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Jaunts in July

The end of July finds me back at home, after traveling to two wonderful events. The Annual Meeting and Educational Conference of The Herb Society of America was held this year in Pittsburgh, PA from June 24 through June 26. Included were lots of wonderful speakers, including Jekka McVicar, who gave a lively talk on uses of herbs. Jekka is from the UK, and brought her special brand of humor and knowledge of many unusual herbs. She also experienced "ribbon-envy" as she noted upon her arrival that she did not have ribbons designating various aspects of the conference. It has been tradition to place ribbons on the name tags of those attending, with categories such as "First Time Attendee", "Board of Directors", "Vendor", etc. As our special guest, she was eventually awarded seven ribbons, which surely rivalled most of those in attendance. The "Royal Horticulturist" was a special ribbon, most likely never to be seen again!

The pre-conference dinner was a cruise on the rivers near the hotel. Pittsburgh is at the confluence of three rivers, the Allegheny, Ohio and Monongahela. It was a pleasant and relaxing ride. The Conference included the Festival of Flavor and Fragrance, which is always a crowd pleaser. Samples of Indian food, rose recipes, and more enticed everyone to join in the fun. Lots of vendors made this a great spot for shopping, too.

The Conference and Meeting is a way to become more involved in the workings of The Herb Society, as well as make new friends and welcome old ones. At the Awards dinner, one of the members of my Unit (The New England Unit) was presented with an Award of Achievement, a great honor, indeed. We were all proud to have this recognition bestowed upon Lucille Dressler, a long time member and Chair of our Archives. She is truly deserving of this award, and it was my pleasure to be able to sit at her table.

Returning home, I valiantly attacked all the weeds that had taken up residence in my garden. I hardly got started, it seemed, before I was getting ready to attend the next conference on my agenda, the International Herb Association's, which this year was held in Midland, Michigan from July 15-17. At least it was only about a 14 hour drive, so I re-packed the truck, and took off. I was presenting a workshop on "Herbal Tipples", or how to make herbal liqueurs, so I had lots of "material" that forced me to take the longer route around the Great Lakes, instead of traveling more directly through Canada. However, I arrived without incident, and was instanly taken up with the doings of another Annual Meeting and Conference. This was a grueling (but fun!) schedule, that had us up and at activities by no later than 8:00 a.m. each day (and sometimes before that). The IHA Conference is a smaller conference, but no less worthy. Though we have a Public Day, most of the conference is geared toward the professionals in the herb industry, and being able to interface with some of the movers and shakers in the herb world is what makes this conference so exciting. A special treat this year was the Ten Minute recipe section, where each participant had only ten minutes to create their favorite dish. There were professional chefs as well as those not so inclined. But everyone created something in the time allotted, which disappointed Art Tucker, the time keeper, as he was hoping he would be able to use a crook and sweep them offstage.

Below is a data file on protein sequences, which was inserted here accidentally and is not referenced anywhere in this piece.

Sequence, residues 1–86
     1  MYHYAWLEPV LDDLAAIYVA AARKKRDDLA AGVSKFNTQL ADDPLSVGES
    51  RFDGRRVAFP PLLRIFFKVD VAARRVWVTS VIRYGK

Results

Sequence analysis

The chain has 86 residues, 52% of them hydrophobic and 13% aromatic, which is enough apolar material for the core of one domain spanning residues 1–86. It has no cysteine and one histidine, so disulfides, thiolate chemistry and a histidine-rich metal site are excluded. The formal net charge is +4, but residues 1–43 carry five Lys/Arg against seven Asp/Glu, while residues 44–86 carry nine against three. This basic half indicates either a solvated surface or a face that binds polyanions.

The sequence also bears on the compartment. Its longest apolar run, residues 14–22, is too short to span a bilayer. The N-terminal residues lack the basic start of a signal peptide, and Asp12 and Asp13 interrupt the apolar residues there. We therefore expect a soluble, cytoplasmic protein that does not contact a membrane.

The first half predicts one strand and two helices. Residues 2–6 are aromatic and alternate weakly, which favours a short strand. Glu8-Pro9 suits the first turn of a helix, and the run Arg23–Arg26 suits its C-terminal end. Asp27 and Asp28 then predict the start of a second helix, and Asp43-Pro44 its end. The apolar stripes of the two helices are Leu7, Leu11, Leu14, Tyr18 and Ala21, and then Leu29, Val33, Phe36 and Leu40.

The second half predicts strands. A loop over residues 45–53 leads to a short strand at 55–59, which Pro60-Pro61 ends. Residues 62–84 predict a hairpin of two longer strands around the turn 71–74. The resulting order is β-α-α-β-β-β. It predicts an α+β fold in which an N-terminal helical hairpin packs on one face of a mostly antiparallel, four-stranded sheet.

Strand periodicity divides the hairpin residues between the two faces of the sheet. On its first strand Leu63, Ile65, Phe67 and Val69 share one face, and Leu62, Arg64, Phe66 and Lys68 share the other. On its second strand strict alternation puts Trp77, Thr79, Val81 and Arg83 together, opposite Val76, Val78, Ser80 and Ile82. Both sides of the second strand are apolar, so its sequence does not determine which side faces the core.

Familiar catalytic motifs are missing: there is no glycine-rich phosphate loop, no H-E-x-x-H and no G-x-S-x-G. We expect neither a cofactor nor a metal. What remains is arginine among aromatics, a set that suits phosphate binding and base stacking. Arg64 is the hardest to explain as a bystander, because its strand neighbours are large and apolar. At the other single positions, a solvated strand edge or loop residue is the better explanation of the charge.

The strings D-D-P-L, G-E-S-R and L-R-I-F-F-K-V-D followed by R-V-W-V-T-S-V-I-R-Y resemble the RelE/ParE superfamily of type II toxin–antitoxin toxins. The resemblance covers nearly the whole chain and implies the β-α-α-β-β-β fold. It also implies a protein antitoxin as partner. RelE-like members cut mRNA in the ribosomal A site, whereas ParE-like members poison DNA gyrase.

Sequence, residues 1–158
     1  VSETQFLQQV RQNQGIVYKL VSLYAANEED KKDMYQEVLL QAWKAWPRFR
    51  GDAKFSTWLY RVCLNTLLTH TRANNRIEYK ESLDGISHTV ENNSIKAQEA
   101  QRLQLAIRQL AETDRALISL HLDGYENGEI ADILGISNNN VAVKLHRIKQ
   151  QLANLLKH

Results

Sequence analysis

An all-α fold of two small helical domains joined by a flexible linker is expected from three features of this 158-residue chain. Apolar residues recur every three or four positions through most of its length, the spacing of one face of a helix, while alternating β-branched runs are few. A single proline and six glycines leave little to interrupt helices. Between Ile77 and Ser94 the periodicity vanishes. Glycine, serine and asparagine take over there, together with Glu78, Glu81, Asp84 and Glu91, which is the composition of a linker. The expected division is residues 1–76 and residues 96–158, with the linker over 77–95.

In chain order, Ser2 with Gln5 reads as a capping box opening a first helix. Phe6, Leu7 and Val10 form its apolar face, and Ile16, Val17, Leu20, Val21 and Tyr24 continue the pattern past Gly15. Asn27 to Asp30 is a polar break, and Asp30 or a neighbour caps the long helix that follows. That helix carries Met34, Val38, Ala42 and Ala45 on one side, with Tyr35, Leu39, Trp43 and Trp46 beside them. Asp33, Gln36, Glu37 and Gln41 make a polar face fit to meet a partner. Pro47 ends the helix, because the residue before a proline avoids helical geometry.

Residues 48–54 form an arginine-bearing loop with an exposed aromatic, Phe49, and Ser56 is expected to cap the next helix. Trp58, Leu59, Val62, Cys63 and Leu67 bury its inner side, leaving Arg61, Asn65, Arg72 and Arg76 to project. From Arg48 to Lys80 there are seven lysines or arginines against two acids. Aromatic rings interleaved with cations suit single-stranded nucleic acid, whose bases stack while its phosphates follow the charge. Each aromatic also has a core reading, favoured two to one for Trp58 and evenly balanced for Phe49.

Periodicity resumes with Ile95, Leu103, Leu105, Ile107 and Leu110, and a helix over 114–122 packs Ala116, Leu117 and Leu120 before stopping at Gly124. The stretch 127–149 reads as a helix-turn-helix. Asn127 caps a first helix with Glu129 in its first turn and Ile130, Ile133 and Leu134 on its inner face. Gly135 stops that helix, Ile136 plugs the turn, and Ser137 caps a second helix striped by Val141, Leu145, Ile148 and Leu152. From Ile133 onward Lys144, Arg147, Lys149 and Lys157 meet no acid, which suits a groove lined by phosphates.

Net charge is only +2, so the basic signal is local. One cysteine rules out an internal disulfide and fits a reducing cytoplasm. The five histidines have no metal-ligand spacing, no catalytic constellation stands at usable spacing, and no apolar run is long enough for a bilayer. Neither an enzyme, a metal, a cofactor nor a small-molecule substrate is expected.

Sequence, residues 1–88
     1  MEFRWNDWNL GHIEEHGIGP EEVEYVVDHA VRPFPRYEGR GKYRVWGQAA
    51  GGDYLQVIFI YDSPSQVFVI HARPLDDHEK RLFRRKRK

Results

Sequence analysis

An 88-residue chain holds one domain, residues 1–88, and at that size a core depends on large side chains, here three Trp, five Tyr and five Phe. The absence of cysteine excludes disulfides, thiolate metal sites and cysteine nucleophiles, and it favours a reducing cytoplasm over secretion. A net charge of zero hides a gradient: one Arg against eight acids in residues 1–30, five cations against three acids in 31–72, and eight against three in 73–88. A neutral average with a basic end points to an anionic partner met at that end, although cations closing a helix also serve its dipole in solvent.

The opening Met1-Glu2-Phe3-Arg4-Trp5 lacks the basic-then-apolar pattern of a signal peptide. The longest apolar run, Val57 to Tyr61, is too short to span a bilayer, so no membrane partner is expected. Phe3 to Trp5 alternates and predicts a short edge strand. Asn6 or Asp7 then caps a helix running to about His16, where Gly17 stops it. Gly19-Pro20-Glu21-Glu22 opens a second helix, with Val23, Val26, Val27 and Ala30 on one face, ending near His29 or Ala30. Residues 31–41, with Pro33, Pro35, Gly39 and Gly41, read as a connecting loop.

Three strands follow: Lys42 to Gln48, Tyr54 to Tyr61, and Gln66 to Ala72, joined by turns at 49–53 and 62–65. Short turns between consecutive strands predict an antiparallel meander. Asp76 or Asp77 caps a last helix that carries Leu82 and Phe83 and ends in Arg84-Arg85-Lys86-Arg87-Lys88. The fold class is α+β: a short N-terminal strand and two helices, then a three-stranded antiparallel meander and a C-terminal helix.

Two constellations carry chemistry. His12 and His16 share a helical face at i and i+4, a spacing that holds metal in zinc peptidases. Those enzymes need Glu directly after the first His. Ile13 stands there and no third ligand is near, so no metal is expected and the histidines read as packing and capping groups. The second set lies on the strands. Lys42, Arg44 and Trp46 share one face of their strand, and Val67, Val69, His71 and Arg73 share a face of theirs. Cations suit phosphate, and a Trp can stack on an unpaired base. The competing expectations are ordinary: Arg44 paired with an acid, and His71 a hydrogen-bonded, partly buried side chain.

As I again returned home, I realized I had a serious problem with the weeds, as they now seem to be taking over more of the yard than I thought possible. I also arrived home to find the whole northeast in the midst of a heat wave, so weeding (except in the wee hours of the morning) just wasn't a wise thing to do. I did, however, get to harvest my first few tomatoes, and boy, are they ever good! Eva's Purple Ball and Crimson Giant, as well as Snowberry, a cherry type, were the first to bear ripe fruit. The heavy layer of grass mulch that I placed on the beds earlier in the season seems to have helped a lot in keeping them from losing moisture, and it helps with the weeds, too. The squash has escaped it's bed, and is now trolling across the lawn, which will cause minor detours in the grass mowing. Summer has arrived!

The flower you see above is the marshmallow, which is a lovely summer blossom. My plants are now about three years old, so I may get a chance to harvest the roots and experiment with them.

I am doing a short demonstration at the Daniels Farmstead Farmer's Market on July 31. It will be focusing on herbal syrups and herbal liqueurs. In fact, just this morning I made a batch of Cinnamon Basil syrup, which will feature in that demo as well as the one I will be doing August 12 at Tower Hill Botanic Garden. That will be one of the talks and demonstrations we will be hosting at the Second Annual Herb Show, from Aug. 12 - 14. Come join us and see what is happening in the world of herbs!

Keep cool,


The information on this site is for informational purposes only. It is not meant to diagnose, treat, cure or prevent any disease, and has not been evaluated by the FDA. Green Woman's Garden | | 603-239-6733 |


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